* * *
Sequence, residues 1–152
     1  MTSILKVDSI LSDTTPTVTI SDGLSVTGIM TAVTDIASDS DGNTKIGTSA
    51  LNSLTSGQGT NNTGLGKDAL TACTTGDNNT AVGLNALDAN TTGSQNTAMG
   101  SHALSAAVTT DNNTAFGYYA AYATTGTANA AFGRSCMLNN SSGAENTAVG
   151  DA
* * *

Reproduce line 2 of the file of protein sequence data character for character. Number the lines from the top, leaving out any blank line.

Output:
     1  MTSILKVDSI LSDTTPTVTI SDGLSVTGIM TAVTDIASDS DGNTKIGTSA